Need to Know: July 27, 2021


You might have heard: Gannett sold three Oklahoma papers to a local family-owned company (Poynter)

But did you know: More news outlets are going back to local ownership (Medill Local News Initiative) 

Local investors are increasingly buying news outlets from large newspaper chains, writes Mark Jacob. Both local and chain ownership have benefits for a news outlet; chain ownership offers website and technical support, broader business strategy and the ability to recruit top talent, while local control generally means the outlet will have more of a presence in the community. For chain and hedge fund owners like Alden Global Capital, selling off individual papers can make business sense at times, and for civic-minded investors looking to support local journalism, starting with an established, legacy brand is often easier than building a new name from scratch. 

+ Editor’s Note: In yesterday’s edition of Need to Know we covered a report published by the Local Media Association on securing philanthropic funding for journalism. However, we misstated one of the report’s key findings. We wrote that the report recommends news organizations’ funding pitches “avoid focusing on the need to ‘save’ newsroom jobs or why journalism is important.” The report actually recommends that funding pitches don’t focus solely on the need to save newsroom jobs, but do emphasize the importance of local journalism to a community.


Apply for funding to support government and accountability reporting

Do you have ideas for new ways government and accountability journalism can reflect the needs of local communities? API is now accepting applications from local news organizations for small-project funding to do this kind of work. Eligible local news outlets can apply for funds through Aug. 6, 2021 in amounts from $2,500 up to $10,000.


Peer Learning + Collaboration grantees help to fill in Newark’s information gaps (Medium, Center for Cooperative Media) 

Last August, the Newark Peer Learning + Collaboration Fund launched with the goal of getting more information to the citizens of Newark, N.J. Run by the Center for Cooperative Media at Montclair State University, the initiative convened 100 people to discuss information needs and the news ecosystem in the city. The fund went on to make $45,000 in grants to support five projects that used journalism and community collaboration to help fill news and information gaps. The projects include a platform for locals to share their experiences during the pandemic, a multilingual app for providing information about community services, and a news program to air on the local public access channel. 


An investigative journalism network in the UK is looking for reporters and members of the public to help probe local authorities ( 

The Bureau Local, a journalism collaborative in the U.K., is crowd-sourcing a project to inspect government grants given to businesses during the pandemic. The organization is asking volunteers around the country to submit requests for information from local governments, and they’ve provided a “reporting recipe” as a guide for volunteers. The investigation comes after a report that found widespread fraud and error in grants awarded during the pandemic.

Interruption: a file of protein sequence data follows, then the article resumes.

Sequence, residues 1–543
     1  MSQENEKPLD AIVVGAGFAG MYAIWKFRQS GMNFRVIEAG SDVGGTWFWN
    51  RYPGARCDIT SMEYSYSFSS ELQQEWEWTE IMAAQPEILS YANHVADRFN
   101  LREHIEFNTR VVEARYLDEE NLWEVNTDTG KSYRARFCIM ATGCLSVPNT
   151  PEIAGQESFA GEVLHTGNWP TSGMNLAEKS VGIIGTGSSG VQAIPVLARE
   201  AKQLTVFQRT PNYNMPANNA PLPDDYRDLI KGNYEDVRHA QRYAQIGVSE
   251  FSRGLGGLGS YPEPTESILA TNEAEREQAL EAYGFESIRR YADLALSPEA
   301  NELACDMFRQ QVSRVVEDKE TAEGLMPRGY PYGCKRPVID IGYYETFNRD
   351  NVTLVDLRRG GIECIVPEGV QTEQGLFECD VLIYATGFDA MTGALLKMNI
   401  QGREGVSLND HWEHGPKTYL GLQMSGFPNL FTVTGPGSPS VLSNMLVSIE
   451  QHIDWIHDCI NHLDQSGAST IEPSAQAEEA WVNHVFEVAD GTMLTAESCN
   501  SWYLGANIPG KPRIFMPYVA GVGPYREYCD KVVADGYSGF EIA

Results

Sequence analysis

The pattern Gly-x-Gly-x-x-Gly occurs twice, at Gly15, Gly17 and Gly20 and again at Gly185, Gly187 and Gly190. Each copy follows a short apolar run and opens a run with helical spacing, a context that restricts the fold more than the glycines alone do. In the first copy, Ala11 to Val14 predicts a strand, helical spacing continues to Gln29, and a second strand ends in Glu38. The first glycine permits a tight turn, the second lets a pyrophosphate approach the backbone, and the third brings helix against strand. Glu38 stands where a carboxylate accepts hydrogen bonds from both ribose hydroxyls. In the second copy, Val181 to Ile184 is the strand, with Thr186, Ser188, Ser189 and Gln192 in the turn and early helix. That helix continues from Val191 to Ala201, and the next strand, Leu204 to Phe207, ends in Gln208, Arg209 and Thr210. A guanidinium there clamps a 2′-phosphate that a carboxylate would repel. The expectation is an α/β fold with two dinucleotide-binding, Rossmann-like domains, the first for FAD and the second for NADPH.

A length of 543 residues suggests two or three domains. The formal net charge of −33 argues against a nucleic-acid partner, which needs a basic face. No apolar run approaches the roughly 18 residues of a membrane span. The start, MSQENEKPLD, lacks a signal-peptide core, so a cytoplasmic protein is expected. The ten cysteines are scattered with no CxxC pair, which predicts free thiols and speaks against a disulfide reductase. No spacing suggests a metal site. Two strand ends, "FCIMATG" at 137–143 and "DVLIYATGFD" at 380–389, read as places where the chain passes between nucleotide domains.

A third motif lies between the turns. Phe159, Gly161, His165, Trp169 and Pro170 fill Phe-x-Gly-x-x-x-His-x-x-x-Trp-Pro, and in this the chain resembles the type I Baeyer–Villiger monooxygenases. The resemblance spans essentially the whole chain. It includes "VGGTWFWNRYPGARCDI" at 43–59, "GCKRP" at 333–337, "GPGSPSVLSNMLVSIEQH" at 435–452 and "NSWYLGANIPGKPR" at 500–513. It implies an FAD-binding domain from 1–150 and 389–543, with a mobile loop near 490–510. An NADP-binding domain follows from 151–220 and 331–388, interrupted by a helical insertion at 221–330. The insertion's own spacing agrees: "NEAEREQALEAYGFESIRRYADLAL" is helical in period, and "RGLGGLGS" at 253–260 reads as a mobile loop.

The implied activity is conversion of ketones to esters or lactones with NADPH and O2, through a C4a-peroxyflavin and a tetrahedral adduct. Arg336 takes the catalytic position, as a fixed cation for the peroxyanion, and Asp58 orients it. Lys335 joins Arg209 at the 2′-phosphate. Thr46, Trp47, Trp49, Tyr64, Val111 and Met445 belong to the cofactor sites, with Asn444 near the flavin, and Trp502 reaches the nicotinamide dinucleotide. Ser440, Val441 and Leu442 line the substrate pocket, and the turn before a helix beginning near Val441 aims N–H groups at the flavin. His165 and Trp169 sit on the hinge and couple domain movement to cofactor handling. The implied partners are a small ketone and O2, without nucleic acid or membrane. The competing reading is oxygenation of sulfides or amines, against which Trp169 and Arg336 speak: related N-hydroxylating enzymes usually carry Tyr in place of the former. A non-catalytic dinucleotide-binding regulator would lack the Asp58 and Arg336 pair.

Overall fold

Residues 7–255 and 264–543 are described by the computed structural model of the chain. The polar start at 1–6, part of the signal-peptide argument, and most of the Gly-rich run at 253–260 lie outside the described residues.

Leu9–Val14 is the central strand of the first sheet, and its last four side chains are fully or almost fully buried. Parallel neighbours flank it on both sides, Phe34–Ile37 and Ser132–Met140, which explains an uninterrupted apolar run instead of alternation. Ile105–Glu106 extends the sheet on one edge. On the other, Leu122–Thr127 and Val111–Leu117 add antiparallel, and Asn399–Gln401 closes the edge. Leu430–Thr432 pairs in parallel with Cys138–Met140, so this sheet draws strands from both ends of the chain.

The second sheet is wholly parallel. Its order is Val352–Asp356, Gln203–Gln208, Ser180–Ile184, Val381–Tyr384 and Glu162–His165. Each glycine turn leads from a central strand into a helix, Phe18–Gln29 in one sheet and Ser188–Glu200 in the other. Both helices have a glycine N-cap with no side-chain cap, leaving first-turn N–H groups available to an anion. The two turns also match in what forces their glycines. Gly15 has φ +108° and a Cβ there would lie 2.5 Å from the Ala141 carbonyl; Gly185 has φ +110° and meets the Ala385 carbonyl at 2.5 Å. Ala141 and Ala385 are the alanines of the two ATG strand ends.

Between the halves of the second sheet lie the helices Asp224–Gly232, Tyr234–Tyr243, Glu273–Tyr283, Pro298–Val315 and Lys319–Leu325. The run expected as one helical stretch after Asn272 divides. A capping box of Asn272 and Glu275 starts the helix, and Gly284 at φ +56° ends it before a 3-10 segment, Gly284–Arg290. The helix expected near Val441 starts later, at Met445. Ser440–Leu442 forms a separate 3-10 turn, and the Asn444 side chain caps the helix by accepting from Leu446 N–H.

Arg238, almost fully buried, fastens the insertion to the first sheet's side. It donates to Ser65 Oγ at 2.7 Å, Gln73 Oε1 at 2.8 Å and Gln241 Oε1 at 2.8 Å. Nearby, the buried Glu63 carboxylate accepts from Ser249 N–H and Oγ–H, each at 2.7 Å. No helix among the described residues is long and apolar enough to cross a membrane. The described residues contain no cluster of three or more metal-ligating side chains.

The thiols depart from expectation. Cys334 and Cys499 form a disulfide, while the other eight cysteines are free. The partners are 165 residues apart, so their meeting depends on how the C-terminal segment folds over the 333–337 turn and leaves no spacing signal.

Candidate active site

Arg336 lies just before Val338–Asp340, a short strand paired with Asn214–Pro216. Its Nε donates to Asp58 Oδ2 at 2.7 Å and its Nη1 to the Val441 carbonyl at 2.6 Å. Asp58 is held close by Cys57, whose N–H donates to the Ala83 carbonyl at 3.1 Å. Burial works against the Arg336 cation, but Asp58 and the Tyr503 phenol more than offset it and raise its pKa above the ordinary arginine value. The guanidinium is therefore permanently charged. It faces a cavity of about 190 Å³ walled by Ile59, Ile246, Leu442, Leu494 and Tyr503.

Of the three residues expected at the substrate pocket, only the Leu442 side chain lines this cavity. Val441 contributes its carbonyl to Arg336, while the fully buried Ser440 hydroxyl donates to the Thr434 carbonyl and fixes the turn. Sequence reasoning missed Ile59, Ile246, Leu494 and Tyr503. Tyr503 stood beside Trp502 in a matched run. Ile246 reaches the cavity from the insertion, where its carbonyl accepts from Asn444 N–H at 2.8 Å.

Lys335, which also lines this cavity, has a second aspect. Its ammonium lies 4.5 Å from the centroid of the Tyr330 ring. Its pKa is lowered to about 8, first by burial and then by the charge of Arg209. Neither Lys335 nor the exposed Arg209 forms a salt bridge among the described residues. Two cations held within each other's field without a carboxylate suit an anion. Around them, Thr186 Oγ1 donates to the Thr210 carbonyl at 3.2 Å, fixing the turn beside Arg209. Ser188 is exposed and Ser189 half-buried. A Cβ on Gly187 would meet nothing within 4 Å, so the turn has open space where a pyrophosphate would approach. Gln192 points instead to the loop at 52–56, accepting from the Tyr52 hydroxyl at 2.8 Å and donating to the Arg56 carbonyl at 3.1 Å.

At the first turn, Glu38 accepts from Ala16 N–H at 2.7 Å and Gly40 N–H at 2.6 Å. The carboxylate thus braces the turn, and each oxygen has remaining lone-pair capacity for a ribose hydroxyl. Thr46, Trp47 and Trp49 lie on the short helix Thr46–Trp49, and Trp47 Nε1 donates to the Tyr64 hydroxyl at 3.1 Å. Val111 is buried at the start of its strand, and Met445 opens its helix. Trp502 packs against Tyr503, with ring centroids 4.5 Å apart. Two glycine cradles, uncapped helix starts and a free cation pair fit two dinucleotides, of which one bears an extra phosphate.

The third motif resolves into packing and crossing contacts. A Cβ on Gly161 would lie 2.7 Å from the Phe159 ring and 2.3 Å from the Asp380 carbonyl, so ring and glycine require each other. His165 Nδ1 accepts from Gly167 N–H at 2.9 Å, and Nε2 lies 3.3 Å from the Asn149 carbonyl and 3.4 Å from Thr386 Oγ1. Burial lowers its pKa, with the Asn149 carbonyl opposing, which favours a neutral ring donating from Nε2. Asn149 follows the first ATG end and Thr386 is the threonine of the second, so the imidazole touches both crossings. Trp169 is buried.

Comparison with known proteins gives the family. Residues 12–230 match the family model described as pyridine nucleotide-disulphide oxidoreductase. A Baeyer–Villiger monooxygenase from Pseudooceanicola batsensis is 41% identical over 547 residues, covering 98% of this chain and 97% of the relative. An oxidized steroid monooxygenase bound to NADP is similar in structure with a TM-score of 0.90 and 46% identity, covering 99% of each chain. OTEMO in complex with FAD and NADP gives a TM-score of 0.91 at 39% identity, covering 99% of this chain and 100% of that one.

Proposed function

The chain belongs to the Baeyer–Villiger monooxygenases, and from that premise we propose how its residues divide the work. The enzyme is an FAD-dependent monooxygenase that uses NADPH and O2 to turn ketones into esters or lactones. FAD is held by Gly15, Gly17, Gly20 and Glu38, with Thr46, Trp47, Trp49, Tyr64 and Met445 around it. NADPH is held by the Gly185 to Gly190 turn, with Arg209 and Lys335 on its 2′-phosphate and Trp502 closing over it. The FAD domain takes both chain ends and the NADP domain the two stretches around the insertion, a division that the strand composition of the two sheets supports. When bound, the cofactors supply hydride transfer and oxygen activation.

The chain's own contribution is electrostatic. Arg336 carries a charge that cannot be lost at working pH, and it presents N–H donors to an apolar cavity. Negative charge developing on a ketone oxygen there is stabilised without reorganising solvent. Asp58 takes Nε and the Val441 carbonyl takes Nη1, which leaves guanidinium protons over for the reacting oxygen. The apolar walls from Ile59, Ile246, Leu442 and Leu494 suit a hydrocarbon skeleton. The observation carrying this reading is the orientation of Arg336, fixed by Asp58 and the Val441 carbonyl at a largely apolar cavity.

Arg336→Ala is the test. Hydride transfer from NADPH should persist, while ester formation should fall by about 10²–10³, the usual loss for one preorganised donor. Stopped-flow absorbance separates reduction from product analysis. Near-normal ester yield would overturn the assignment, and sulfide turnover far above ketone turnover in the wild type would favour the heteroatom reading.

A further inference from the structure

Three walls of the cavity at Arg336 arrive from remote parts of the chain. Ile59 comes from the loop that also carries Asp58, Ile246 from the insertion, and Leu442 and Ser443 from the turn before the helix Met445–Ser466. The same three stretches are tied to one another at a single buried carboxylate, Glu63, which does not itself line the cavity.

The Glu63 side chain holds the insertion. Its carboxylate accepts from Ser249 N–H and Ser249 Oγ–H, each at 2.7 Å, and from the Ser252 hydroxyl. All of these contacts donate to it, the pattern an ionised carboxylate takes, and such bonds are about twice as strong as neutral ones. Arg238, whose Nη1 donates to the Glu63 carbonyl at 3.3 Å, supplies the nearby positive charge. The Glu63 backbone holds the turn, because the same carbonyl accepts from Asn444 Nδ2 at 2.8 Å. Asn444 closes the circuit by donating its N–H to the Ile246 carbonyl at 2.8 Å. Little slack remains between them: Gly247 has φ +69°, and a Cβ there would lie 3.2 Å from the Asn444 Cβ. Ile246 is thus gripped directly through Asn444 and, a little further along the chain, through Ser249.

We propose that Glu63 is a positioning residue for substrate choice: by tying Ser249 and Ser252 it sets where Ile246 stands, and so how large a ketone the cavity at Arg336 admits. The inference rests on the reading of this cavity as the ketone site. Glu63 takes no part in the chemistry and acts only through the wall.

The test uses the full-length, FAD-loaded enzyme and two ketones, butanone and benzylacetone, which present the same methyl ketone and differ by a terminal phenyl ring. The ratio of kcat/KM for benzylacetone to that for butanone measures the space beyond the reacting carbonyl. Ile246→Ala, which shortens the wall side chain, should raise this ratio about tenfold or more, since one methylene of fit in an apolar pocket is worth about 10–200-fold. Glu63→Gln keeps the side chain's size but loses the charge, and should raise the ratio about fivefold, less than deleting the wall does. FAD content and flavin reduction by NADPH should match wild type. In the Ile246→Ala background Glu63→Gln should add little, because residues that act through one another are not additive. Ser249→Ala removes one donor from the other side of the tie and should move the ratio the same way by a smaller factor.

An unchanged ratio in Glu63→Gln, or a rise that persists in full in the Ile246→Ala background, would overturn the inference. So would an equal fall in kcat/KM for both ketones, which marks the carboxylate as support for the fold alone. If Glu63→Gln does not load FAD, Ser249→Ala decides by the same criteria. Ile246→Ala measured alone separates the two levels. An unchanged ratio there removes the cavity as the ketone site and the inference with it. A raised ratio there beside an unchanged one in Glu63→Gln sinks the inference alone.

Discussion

Citizen pays city-dwellers $25 an hour to livestream crime scenes (The New York Post) 

Citizen, a neighborhood watch app that allows anyone to record police activity or other incidents, is hiring New Yorkers to live-stream crime scenes and other public emergencies, The New York Post reports. The goal of the app is to encourage ordinary people to also live-stream events for free. The paid “field team members” earn $25 per hour and were, until recently, being recruited on journalism job websites, though the listing said only that the work was for a “tech company with user-generated content.” Similar listings also existed for team members in Los Angeles.  


The British experience should be a warning: Don’t let journalists go into politics (The Atlantic) 

Last week, New York Times columnist Nicholas Kristof announced that he is considering a run for governor of Oregon. Helen Lewis, a British journalist, writes that Britain has a history of journalists-turned-politicians, including Prime Minister Boris Johnson, but that the U.S. should not emulate it. “Journalists make dangerous politicians because they can talk their way out of trouble, have an eye for an arresting phrase and an appealing narrative, and know how to win over a crowd,” she writes. Lewis warns that as American journalism moves towards punditry, we should be wary of letting popular journalists enter the political arena. 


​​Most big American newspaper newsrooms are now led by someone other than a white man (Nieman Lab) 

According to data from the Alliance of Audited Media, only seven of the 20 largest newspapers in America are led by a white man, writes Joshua Benton. Twelve are led by a woman, a person of color or both, while one job — at the Honolulu Star-Advertiser — is vacant. That means white men comprise about 37% of newsroom leaders, only slightly higher than the proportion of white men in the country. Seven of these jobs have changed hands in the last 12 months, with a shift from six white men and one white woman to two Black women, two Hispanic men, one Black man, one white woman and one white man. But diversity isn’t seen equally across the industry; smaller newspapers are less likely to hire journalists of color.